DNS Configuration


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DNS Configuration

  2. 2. CONTENTS:  Overview  History  DNS-Name Space & Working  Example of DNS Name Space  DNS-Name Server  DNS-Zone  DNS-Configuration
  3. 3. DNS-Overview  Domain Name System (DNS) is a database system that translates a computer's fully qualified domain name into an IP address.  For example Domain name www.amazon.com corresponding to IP address (  DNS serves as an electronic telephone book for a computer network.
  4. 4. HISTORY OF DNS  In 1967, DNS did not exist.  in 1971, Peggy Karp conceived of “host mnemonics” (RFC 226) and develop “HOSTS.txt”  The first version of this file was distributed in 1972.  The Domain Name System was conceived in RFC 799 in 1981 Written by Dr. David Mills.  In 1987, the publication of RFC 1034 and RFC 1035 updated the DNS specification.
  5. 5. DNS –Name Space & Working  The namespace refers to the hierarchical layout of DNS names  the DNS namespace is laid out in an inverted tree.  At the top of the DNS namespace is the "Root" defined by null character  The root is not normally explicitly specified in user applications but when specified is denoted by a trailing period(www.vtc.com)
  6. 6. DNS –Name Space & Working  Below the root in the DNS namespace, are the top level domains or TLDs.  These TLDS are maintained by the Internet corporation for assigned names and numbers, or ICAN, for Internet use  On a private network you can use any TLD you want but it is bad practice in case you ever connect your network to the internet.
  7. 7. DNS –Name Space & Working  The remainder of the namespace is open for use  You can register domain names beneath several of the TLDs
  8. 8. An Example of Name-Space
  9. 9. DNS-Name Server  A Server which handles DNS-Queries called “Name-Server”.  This server hold a list of all the IP addresses within its network and a cache of IP addresses.  When your computer requests an IP address, one of three things happens.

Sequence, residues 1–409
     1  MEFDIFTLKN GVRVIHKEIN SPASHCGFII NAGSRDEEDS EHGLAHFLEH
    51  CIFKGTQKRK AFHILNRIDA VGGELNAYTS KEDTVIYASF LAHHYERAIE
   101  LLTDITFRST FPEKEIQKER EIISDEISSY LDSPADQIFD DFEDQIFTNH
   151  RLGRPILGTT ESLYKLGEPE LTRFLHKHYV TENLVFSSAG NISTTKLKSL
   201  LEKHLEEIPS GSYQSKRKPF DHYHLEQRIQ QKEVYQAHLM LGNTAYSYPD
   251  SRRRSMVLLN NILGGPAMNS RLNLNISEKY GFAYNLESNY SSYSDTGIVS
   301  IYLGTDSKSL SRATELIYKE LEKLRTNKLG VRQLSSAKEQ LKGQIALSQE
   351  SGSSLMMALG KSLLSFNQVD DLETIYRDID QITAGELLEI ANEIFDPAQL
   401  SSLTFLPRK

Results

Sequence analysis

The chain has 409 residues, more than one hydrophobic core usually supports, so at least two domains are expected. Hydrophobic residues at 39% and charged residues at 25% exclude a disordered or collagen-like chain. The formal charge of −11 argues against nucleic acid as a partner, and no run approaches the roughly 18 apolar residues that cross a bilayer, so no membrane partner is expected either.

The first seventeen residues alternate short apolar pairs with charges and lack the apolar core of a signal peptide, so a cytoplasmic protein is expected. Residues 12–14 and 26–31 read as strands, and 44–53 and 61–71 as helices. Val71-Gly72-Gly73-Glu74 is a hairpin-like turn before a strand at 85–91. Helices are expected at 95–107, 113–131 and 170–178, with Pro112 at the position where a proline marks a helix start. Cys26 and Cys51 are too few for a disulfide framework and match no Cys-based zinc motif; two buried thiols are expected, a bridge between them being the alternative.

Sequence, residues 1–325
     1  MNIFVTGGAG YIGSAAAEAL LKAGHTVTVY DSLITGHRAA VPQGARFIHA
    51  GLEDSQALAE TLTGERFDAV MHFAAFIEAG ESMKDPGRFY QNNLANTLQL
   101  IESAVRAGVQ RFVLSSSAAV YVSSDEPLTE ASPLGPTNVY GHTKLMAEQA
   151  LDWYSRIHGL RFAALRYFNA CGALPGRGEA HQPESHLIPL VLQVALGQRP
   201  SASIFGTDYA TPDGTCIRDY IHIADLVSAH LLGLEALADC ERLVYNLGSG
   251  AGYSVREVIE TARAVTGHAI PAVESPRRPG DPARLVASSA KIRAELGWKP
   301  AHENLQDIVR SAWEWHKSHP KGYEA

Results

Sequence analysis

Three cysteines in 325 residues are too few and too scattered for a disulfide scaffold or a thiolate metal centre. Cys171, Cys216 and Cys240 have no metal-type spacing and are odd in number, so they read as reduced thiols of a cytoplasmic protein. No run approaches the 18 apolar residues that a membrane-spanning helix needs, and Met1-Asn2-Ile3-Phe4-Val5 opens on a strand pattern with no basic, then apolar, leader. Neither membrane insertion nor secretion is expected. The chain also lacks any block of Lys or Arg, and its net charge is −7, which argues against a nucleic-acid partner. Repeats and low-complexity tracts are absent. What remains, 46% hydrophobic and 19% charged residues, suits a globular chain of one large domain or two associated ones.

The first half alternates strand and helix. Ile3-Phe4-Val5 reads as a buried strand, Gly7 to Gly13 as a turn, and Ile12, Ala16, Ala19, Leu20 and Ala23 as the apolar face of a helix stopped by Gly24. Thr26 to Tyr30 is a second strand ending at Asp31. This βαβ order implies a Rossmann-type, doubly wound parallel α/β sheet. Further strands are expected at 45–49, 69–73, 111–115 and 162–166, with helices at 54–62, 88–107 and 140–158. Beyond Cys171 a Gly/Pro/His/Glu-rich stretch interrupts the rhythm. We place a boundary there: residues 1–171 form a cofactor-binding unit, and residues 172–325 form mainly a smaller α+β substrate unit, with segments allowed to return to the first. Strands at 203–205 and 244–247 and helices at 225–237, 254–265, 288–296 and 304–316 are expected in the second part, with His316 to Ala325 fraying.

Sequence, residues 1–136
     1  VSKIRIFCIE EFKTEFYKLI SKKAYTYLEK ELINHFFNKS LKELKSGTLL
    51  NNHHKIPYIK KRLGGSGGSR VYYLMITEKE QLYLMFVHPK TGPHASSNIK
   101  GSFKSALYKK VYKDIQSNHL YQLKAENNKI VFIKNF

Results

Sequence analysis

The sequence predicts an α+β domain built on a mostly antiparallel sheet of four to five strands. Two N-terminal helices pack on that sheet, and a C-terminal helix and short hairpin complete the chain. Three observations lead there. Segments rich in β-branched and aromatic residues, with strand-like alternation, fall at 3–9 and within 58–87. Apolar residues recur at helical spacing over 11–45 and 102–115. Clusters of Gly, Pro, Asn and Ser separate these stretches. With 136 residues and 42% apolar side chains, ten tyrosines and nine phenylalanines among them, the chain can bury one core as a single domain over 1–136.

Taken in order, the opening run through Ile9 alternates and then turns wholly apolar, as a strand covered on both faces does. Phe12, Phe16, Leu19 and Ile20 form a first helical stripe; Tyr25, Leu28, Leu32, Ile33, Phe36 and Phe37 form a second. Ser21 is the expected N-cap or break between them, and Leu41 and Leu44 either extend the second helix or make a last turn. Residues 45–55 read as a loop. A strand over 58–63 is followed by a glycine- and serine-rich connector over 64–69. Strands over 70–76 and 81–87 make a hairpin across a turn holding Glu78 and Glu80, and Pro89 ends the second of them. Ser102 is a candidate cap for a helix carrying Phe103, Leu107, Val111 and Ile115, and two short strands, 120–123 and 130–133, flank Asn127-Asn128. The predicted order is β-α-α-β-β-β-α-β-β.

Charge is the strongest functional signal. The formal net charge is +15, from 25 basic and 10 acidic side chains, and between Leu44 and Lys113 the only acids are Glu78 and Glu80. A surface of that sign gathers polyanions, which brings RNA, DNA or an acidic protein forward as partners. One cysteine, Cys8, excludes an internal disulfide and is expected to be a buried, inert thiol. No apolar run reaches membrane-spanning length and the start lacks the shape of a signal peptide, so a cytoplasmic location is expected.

10. 10. DNS-Name Server  If the requested IP address is registered locally.  If the requested IP address is not registered locally ,but someone within your organization has recently requested the same IP address.  If the requested IP address is not registered locally, and you are the first person to request information about this system in a certain period of time.
  11. 11. DNS ZONES  Every domain name, which is a part of the DNS system, has several DNS settings, also known as DNS records. In order for these DNS records to be kept in order, the DNS zone was created.  Their are 2 types of zones: 1) A forward lookup zone 2) A reverse lookup zone
  12. 12. DNS ZONES  A forward lookup zone is a DNS zone in which hostname to IP address relations are stored. When a computer requests the IP address of a specific hostname, the forward lookup zone is queried and the result is returned.  A reverse lookup zone does just the opposite. When a computer requests the hostname of an IP address, the reverse lookup zone is queried and the result is returned.
  13. 13. STEPS It involves following steps:-  sudo su  nano /etc/network/interfaces – for static IP.  /etc/init.d/networking restart  ifconfig  apt-get install bind9  nano /etc/bind/named.conf.local  nano /etc/bind/db.up.omg (forward lookup zone)  nano /etc/bind/db.192 (reverse lookup zone)  nano /etc/resolv.conf  /etc/init.d/bind9 restart  nslookup sgsits.up.omg & nslookup
  14. 14. Step 1 : nano /etc/network/interfaces – for static IP
  15. 15. Step 2 : /etc/init.d/networking restart
  16. 16. Step 3 : ifconfig - Our DNS Server has now a static IP
  17. 17. Bind9  BIND (Berkeley Internet Name Domain) is an implementation of the DNS protocols and provides an openly redistributable reference implementation of the major components of the Domain Name System.  BIND9 is latest version of BIND architecture.  features of BIND9 : are DNS Security, IPv6,DNS Protocol Enhancements, Views, Multiprocessor Support, and an Improved Portability Architecture.
  18. 18. Step 4 : apt-get install bind9
  19. 19. Step 5 : nano /etc/bind/named.conf.locals
  20. 20. Step 6: nano /etc/bind/db.up.omg
  21. 21.  A(Address):points our domain to an ip address.  AAAA: same as A record.  CNAME(Canonical name): this record points our sub-domain to another domain name  MX(Mail exchanger): MX records control where our emails are received. DNS ZONE RECORDS
  22. 22.  PTR(Pointer): defines what name will be called when an IP address is looked up.  TXT: The TXT records are custom records which contain machine-readable data.  NS: identify the names of the DNS servers. DNS ZONE RECORDS
  23. 23. Step 6 : nano /etc/bind/db.up.omg
  24. 24. Step 7 : nano /etc/bind/db.192
  25. 25. Step 8 : nano /etc/resolv.conf
  26. 26. Step 9 : /etc/init.d/bind9 restart
  27. 27. Step 11 : nslookup sgsits.up.omg & nslookup